Posted: 10:48a.m. IST, August 11, 2012
London, August 11 (ANI): While water treatment facilities try to remove the hundreds of millions of bacteria that are present in it, encouraging some microbes to row could in turn benefit human health, a new study has claimed.
According to Lutgarde Raskin from the University of Michigan in Ann Arbor, workers at water treatment facilities across the US try to destroy all of the bacteria in drinking water with infusions of chlorine and other disinfectants but it is nearly impossible to achieve with the current technology.
The present approach also ignores the fact that the drinking water microbiome contains some bacteria that can be beneficial like nitrates that can contaminate drinking water could be converted by some bacteria into harmless nitrogen gas.
Raskin and her team suggest that encouraging the growth of these bacteria in drinking water could actually improve the quality and safety of the product.
For the study, the researchers analysed bacterial DNA in drinking water treated at municipal facilities in Ann Arbor between April and October 2010.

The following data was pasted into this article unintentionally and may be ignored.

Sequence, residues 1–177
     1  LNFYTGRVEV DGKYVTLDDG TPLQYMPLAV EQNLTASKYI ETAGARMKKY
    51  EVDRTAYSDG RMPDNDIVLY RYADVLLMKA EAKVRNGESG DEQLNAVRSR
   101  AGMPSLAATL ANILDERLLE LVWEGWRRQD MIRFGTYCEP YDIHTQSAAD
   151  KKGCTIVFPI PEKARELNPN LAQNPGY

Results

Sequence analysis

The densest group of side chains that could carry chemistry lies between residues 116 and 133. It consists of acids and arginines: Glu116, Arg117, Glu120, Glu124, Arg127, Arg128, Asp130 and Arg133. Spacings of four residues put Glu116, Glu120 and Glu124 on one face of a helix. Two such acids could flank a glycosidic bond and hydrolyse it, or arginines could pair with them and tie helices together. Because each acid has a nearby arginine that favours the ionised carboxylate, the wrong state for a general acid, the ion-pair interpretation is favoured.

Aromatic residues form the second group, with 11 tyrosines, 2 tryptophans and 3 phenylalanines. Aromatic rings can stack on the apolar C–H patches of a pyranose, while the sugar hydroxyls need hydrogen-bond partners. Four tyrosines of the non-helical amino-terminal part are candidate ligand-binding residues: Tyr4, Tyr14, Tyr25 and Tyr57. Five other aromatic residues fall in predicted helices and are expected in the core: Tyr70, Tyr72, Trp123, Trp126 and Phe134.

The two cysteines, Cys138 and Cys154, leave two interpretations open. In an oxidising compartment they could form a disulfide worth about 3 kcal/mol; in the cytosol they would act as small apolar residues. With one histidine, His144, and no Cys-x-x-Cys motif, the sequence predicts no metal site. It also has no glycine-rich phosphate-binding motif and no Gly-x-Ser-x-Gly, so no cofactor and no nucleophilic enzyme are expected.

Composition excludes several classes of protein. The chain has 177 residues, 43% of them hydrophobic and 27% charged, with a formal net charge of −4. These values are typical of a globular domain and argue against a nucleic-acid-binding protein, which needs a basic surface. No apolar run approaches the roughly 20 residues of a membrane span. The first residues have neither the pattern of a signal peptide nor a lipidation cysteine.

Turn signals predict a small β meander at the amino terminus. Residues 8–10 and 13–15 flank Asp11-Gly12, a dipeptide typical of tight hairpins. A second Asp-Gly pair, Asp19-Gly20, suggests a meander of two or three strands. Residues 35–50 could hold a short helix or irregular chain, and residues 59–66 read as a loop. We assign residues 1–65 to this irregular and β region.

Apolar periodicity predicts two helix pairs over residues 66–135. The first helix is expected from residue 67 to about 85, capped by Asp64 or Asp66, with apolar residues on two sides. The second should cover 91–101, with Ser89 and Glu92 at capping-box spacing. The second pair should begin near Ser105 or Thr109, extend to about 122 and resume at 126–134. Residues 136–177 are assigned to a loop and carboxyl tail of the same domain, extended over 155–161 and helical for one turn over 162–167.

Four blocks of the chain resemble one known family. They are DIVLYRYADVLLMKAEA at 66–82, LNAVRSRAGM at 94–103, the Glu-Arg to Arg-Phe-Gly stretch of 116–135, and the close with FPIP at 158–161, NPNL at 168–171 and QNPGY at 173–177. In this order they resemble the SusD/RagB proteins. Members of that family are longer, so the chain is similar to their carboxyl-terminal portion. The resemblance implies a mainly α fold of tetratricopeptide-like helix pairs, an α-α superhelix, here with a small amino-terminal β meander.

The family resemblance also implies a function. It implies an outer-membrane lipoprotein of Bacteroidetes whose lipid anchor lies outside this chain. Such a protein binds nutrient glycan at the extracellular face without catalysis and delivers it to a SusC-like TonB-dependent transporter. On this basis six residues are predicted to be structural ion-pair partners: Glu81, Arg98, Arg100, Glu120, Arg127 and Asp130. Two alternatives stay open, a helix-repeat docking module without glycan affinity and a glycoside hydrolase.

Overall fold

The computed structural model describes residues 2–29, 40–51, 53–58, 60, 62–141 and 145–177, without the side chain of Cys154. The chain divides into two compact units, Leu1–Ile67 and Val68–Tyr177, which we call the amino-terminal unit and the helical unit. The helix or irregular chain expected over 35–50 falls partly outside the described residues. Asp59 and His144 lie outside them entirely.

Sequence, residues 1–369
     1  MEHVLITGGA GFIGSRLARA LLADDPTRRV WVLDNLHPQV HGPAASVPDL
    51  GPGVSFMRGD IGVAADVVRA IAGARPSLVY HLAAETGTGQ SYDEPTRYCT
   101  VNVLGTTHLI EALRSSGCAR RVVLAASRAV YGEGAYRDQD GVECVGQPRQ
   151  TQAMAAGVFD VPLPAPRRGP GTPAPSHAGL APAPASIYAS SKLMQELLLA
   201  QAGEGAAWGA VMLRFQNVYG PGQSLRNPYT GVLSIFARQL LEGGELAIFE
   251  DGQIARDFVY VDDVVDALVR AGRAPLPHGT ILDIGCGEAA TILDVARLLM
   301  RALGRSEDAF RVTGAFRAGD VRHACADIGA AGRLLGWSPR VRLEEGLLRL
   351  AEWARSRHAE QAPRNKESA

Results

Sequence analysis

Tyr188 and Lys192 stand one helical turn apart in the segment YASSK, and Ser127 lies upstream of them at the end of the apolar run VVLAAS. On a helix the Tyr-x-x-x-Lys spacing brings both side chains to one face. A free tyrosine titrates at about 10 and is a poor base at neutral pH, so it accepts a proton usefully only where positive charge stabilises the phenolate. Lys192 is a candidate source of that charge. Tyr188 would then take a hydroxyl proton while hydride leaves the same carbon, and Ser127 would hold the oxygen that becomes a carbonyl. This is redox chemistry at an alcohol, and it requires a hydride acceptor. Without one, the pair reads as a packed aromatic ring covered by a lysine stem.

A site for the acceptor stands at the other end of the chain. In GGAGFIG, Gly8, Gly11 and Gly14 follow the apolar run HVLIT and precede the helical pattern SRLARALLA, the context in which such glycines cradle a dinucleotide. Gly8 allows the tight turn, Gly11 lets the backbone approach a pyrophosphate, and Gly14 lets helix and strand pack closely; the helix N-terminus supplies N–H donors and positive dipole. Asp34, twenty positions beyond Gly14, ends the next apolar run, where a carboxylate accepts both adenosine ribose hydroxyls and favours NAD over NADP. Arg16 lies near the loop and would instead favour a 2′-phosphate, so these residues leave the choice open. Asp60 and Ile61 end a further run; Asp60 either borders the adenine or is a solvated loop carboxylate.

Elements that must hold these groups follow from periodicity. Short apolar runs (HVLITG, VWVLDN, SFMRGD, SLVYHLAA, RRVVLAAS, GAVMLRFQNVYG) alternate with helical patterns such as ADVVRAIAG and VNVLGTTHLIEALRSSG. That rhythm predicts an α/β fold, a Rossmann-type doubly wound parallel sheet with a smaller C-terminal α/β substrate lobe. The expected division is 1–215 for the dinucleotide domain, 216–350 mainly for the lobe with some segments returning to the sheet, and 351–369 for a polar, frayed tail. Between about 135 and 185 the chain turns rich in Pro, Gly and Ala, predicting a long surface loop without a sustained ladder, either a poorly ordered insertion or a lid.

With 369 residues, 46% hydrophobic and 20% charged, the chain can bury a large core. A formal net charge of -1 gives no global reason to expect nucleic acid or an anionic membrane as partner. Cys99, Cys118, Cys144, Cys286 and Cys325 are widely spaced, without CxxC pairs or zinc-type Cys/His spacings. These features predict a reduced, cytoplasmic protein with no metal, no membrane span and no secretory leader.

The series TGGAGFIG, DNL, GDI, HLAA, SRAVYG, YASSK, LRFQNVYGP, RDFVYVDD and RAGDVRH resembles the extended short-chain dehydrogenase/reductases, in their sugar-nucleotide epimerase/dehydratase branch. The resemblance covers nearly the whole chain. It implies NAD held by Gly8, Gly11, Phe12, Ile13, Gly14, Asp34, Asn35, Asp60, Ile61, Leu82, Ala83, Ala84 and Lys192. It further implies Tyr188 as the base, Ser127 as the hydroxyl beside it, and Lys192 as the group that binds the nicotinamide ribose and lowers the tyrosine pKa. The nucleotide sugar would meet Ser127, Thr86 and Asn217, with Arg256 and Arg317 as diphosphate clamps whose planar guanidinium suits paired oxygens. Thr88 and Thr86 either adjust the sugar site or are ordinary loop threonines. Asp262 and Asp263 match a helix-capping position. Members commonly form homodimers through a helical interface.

They wanted to work out exactly which bacteria were present, and what factors influenced the abundance of the various components of the bacterial community.
The researchers found that slightly altering the water's pH during the filtration process, or even changing how filters were cleaned, helped good bacteria outcompete more harmful microorganisms for the limited resources in the water.
It does no good to try to remove bacteria entirely, New Scientists quoted Raskin as saying.
We are suggesting that a few simple changes can be made that will give bacteria that are good for human health an edge over harmful competitors, she added.
The study has been published in Environmental Science and Technology. (ANI)